Ciggie wars: black tobacco farmers paying the price

Nearly 300 000 people rely on free-flowing activity on the tobacco value chain

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Despite the SANDF busting more cigarette smugglers near the Zimbabwean border, government continues to defend its cigarette lockdown sales ban – a move that is not only infuriating smokers, but also threatening the livelihood of black tobacco farmers.

A rather distressed chairman of the Fair-trade Independent Tobacco Association (Fita), Sinenhlanhla Mnguni, tells Food For Mzansi, “It is in the hands of the courts now.” This after a second round in court earlier this week for Fita’s appeal to overturn the decision by the North Gauteng High Court to keep the controversial ban in place.

Fita chairperson, Sinenhlanhla Mnguni. Photo: Supplied

The South Africa Tobacco Transformation Alliance (SATTA) says more than 296 000 people are reliant on the free-flowing activity of the tobacco value chain. This includes tobacco farmers and workers, who were already under severe strain because of the illicit market, as well as processors, manufacturers and retailers.

Spokesperson Zacharia Motsumi says the ban is directly threatening the survival of the black, tobacco farmer. He says, “It is totally unacceptable that a legitimate, taxpaying business sector should be taking to the brink of ruin in such a way and we call on government to immediately lift the ban and allow cigarettes to be sold in the same way as before the lockdown.”

Meanwhile Mnguni tells Food For Mzansi that they remain confident in their appeal to overturn the decision by the North Gauteng High Court to keep the controversial ban in place. After a second round in court this week Mnguni says, “We will continue to fight for farmers. We will continue to fight for the workers and we will continue to fight for smokers until the ban is lifted.”

Tobacco sales ban ‘irrational’

In June, the same Pretoria court dismissed Fita’s initial legal challenge against government. The court found no merit in Fita’s argument over the necessity of tobacco. This week, on Wednesday during a virtual hearing, a full-bench of judges heard the application by Fita to have its case heard before the Supreme court of Appeal.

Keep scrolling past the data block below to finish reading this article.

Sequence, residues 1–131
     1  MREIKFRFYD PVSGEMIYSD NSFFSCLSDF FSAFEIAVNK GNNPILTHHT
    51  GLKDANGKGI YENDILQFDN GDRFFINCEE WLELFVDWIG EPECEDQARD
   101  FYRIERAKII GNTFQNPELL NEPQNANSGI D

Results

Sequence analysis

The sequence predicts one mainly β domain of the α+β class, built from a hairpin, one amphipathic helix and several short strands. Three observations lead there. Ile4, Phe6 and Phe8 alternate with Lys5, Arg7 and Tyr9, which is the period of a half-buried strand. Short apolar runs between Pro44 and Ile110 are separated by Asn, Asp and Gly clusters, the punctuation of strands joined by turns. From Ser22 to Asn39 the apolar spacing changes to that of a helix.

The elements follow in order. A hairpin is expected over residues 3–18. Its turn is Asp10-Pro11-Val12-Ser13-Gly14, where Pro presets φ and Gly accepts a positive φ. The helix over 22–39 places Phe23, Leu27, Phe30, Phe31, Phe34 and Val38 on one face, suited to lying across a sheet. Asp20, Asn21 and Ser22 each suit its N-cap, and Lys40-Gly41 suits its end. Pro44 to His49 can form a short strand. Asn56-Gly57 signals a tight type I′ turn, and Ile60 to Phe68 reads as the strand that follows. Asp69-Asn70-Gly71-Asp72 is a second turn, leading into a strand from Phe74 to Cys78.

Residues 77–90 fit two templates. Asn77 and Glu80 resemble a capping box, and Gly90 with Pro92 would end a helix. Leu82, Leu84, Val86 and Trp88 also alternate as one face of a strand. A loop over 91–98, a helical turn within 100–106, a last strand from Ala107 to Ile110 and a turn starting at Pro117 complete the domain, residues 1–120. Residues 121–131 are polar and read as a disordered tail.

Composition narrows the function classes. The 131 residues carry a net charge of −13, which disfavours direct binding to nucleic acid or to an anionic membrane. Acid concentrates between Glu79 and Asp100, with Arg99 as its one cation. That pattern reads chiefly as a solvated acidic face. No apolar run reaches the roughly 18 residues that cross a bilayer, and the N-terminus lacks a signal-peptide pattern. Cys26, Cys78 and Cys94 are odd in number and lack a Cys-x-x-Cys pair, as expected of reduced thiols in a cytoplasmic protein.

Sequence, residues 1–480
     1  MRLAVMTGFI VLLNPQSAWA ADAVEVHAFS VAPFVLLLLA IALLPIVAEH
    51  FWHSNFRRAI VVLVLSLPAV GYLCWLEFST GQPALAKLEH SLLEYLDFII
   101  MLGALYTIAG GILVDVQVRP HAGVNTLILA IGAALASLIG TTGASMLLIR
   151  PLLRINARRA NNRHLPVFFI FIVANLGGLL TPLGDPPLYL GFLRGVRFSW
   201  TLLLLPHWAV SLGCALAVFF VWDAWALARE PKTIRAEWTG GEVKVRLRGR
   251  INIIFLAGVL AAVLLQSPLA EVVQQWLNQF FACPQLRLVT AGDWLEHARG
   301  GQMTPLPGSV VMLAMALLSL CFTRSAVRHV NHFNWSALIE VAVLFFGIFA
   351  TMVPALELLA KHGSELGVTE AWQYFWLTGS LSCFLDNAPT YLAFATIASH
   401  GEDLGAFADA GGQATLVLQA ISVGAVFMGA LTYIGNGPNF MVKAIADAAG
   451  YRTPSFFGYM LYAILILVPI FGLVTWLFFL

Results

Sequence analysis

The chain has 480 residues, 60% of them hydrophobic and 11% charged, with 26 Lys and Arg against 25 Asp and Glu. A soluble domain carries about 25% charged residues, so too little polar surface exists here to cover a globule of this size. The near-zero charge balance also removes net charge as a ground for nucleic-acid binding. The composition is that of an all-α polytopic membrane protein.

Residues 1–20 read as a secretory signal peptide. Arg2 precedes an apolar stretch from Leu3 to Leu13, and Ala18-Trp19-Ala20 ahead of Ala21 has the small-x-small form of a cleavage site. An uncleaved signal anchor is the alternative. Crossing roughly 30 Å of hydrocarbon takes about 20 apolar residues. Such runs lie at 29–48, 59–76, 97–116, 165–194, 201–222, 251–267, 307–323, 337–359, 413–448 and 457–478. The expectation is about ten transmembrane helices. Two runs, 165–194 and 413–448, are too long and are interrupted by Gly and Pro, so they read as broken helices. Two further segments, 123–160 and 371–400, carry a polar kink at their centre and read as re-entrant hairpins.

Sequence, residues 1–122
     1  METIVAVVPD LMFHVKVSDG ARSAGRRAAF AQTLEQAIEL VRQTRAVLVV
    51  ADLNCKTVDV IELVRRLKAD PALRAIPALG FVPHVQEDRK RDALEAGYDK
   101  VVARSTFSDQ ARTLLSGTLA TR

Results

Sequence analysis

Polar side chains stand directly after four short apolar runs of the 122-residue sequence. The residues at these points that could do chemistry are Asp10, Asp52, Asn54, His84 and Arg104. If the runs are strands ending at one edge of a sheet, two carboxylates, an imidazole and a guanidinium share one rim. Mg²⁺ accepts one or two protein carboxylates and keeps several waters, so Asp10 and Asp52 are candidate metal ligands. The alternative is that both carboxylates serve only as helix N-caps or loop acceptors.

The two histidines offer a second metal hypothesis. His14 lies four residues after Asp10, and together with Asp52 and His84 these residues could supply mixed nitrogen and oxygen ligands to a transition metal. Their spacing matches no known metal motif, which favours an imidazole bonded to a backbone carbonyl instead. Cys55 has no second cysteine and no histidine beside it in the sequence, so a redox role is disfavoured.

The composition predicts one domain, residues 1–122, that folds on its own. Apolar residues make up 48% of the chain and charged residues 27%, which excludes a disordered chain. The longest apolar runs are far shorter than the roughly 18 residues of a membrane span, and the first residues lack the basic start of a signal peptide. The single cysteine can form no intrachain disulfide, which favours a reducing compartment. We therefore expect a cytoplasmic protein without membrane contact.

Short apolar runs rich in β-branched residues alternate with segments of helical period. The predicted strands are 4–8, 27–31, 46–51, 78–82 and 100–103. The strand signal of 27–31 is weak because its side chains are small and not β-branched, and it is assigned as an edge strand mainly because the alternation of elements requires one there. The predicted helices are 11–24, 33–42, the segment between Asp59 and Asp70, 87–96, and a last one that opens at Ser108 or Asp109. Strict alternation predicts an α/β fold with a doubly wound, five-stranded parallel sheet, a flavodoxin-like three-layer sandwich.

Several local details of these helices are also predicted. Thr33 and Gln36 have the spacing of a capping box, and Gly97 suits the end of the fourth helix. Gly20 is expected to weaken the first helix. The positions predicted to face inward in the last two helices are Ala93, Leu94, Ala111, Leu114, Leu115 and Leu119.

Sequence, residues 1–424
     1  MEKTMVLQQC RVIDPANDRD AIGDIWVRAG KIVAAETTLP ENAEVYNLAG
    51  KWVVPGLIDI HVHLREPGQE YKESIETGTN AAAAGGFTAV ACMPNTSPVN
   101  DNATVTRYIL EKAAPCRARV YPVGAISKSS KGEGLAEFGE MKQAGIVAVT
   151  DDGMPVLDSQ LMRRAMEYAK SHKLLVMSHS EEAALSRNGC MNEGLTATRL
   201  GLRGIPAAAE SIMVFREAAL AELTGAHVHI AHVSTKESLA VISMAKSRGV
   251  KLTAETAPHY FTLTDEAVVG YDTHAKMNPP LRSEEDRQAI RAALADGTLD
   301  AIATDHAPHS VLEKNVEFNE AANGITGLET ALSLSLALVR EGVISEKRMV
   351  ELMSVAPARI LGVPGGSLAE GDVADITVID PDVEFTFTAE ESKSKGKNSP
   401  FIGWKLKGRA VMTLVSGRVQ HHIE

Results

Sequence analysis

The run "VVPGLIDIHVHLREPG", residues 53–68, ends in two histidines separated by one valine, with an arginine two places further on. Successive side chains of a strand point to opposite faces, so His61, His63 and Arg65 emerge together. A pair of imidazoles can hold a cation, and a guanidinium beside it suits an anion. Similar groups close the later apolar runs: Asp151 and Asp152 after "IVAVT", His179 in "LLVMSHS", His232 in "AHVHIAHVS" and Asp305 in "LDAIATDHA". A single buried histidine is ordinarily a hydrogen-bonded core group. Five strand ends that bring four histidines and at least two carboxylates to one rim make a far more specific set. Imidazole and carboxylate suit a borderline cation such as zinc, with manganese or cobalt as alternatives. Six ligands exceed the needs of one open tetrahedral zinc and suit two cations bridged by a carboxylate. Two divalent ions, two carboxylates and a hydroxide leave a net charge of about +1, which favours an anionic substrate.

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Pres. Cyril Ramaphosa Photo: SA Government

Fita, represented by Arnold Subbel, pushed forward to show that the decision taken by pres. Cyril Ramaphosa and Dr Nkosazana Dlamini-Zuma as head of the covid-19 command council was “irrational”.

Subbel argues that the tobacco ban is bleeding out the economy, costing billions in revenue losses. Government, however, remains resolute in its stance on the ban on tobacco products. Adv. Marumo Moerane maintained that government would rather try to save as many lives as possible despite the severity of job losses and the economic strain placed on the tobacco industry.

‘Illicit cigarette trade nothing new’

Moerane also says government was aware of the booming trade in illicit cigarettes, but argued that this has always existed. They therefore believe Fita had no just cause to make mention of this fact.

On Friday the SANDF confiscated cigarettes destined for the black market in a bust in Madimbo near Zimbabwe, allegedly the gateway for cigarette smugglers. The value of the confiscated tobacco products is estimated at nearly R600 000.

  • Nearly 10 000 people have already signed an online pledge to end the cigarette ban. SATTA says by overturning the ban, they will prevent the massive job losses across the value chain and stop the South African economy from losing R35 million in revenue every day that the ban continues.
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